- The Washington Times - Sunday, October 8, 2006

Bush’s weak foreign policy

I agree with David Limbaugh about the Democrats’ lack of a credible Iraq war plan, but it is Bush cheerleaders like Mr. Limbaugh (and his brother Rush) who have given these lefties the political ammunition to possibly win both houses of Congress (“Who makes terrorists hate us?” Commentary, Sept. 30).

Instead of conservative commentators criticizing President Bush’s “timid” prosecution of the Iraq war for the last four years they have defended it. These pundits are strangely silent as Iran sends in foreign fighters to kill American soldiers with impunity. They present two bad choices: either the Democrat’s cut-and-run plan or the administration’s stay-the-course strategy — where the real conservative option is to fight all-out to win quickly and decisively.

These conservative talking heads have constantly portrayed Mr. Bush as a tough commander in chief, even though he pursues endless diplomacy while North Korea and Iran defiantly pursue nuclear weapons with impunity. Now, because of this dovish and liberal approach to these rogue states, Iran is approaching a nuclear state and an even more dangerous North Korea may soon test a nuclear bomb.

Meanwhile, as Mr. Bush talks tough on the war on terror, amazingly our borders are still wide open. In addition, this administration encourages sellout corporations to outsource our manufacturing to communist China, which helps it finance and build a superpower military, including nuclear-armed submarines and long-range missiles.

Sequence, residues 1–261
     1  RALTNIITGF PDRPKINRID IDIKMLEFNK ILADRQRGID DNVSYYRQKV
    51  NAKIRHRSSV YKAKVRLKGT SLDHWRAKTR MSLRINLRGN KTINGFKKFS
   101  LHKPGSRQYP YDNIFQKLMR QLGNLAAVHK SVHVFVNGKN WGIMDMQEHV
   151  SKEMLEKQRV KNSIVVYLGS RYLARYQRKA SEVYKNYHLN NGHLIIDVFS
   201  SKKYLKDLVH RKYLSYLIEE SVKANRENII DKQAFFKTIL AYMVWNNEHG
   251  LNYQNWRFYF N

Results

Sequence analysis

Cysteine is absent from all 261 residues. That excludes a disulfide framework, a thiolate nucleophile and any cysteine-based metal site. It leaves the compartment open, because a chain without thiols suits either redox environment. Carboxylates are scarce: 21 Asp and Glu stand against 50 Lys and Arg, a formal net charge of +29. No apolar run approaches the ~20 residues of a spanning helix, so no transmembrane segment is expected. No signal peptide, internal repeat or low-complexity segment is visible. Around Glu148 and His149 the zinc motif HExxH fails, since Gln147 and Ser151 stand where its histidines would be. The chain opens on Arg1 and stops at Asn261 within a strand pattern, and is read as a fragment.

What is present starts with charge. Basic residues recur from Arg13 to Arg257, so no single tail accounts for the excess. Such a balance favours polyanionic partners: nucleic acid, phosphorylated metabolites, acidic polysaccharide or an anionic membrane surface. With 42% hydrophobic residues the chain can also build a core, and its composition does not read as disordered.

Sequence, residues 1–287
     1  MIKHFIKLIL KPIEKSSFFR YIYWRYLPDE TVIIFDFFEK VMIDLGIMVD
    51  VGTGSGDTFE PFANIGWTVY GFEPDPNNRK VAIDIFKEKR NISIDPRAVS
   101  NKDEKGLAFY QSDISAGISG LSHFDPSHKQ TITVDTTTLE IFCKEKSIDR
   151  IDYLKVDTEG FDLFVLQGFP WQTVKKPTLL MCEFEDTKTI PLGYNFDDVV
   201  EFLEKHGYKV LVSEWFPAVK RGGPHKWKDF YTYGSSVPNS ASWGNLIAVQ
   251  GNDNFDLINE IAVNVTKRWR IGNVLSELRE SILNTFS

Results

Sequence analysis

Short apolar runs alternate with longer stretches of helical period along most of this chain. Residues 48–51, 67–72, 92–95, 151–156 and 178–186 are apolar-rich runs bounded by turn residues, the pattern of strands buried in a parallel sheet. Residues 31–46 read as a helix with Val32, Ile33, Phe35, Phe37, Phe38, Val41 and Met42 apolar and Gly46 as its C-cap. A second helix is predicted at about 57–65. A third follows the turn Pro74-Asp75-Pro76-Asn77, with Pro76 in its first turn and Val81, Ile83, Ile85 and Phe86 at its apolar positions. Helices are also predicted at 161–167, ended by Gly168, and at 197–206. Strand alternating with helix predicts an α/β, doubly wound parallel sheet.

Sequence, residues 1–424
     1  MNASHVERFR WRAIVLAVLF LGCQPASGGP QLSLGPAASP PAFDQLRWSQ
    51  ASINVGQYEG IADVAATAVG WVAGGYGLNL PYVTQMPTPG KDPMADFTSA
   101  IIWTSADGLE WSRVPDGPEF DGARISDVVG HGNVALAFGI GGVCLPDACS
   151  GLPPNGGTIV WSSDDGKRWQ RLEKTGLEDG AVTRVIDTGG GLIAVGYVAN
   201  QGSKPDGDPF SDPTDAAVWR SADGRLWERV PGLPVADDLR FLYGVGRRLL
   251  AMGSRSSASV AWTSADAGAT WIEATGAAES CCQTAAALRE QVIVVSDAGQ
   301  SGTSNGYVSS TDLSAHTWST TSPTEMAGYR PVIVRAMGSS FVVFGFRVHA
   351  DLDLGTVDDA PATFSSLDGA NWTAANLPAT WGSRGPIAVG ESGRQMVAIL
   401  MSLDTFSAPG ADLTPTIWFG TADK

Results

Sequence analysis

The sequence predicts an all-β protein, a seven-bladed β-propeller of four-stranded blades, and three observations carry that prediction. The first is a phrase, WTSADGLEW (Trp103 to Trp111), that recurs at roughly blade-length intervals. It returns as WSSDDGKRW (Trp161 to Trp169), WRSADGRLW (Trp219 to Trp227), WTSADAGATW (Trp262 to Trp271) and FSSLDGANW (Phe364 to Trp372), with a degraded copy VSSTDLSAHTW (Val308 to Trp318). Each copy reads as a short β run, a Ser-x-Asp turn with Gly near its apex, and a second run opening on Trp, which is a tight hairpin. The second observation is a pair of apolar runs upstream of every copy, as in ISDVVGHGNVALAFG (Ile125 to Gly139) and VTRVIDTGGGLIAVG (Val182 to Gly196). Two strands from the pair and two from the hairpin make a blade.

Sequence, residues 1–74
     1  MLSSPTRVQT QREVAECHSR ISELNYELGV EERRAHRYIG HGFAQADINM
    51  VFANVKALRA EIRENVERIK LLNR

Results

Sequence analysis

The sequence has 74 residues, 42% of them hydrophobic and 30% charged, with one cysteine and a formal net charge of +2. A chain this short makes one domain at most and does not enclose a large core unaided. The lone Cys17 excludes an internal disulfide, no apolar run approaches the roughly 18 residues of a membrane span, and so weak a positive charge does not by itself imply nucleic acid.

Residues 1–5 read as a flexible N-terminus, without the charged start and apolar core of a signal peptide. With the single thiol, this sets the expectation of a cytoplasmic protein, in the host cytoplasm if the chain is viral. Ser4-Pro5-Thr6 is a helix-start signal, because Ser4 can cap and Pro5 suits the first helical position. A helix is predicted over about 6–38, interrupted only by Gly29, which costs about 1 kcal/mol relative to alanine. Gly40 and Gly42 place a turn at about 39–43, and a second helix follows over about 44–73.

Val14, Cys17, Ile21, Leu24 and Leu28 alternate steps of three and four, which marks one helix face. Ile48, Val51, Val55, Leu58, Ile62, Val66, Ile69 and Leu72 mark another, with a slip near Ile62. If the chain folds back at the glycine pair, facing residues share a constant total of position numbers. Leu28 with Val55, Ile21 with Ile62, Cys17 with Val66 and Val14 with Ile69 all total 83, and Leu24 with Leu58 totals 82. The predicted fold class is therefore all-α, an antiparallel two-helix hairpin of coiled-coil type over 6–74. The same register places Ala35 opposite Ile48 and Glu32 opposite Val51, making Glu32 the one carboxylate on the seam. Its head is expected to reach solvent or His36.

These are just some of the reasons why conservatives are fed up with Mr. Bush and the Republican Party, and unfortunately some will stay home this election. After these elections conservatives will need to regroup and prepare for the even more important 2008 elections.

Mr. Limbaugh and other media conservatives would better help the conservative cause they so dearly espouse by criticizing Mr. Bush and the Republicans from the right.


Doylestown, Pa.

Encouraging organ donors

Thousands of the 93,000 Americans on the national transplant waiting list will die before they get a transplant. Most of these deaths are needless. Americans bury or cremate about 20,000 transplantable organs every year (“Organ transplants reclaim lives,” Commentary, yesterday).

There is a simple way to reduce the organ shortage — give organs first to people who have agreed to donate their own organs when they die.

Giving organs first to organ donors will convince more people to register as organ donors. It will also make the organ allocation system fairer. People who aren’t willing to share the gift of life should go to the back of the waiting list as long as there is a shortage of organs.

Persons who want to donate their organs to others who have agreed to donate theirs can join LifeSharers. LifeSharers is a non-profit network of organ donors who agree to offer their organs first to other organ donors when they die. They do this through a form of directed donation that is legal in all 50 states and under federal law. Anyone can join for free at www.lifesharers.org or by calling 888/ORGAN88. LifeSharers has 6,189 members, including more than 500 minor children enrolled by their parents.


Executive Director


Nashville, Tenn.

Dealing with Islamist terror

Michael F. Scheuer’s occupation-based formula for provoking Sunni Arabs to “break the back” of anti-insurgent counterterrorism is unconvincing. It unnecessarily buys into the Islamist heroic self-image and obscures the impulsive uncontrollability of Islamist violence (“Tenet’s coming memoirs,” Op-Ed, Thursday).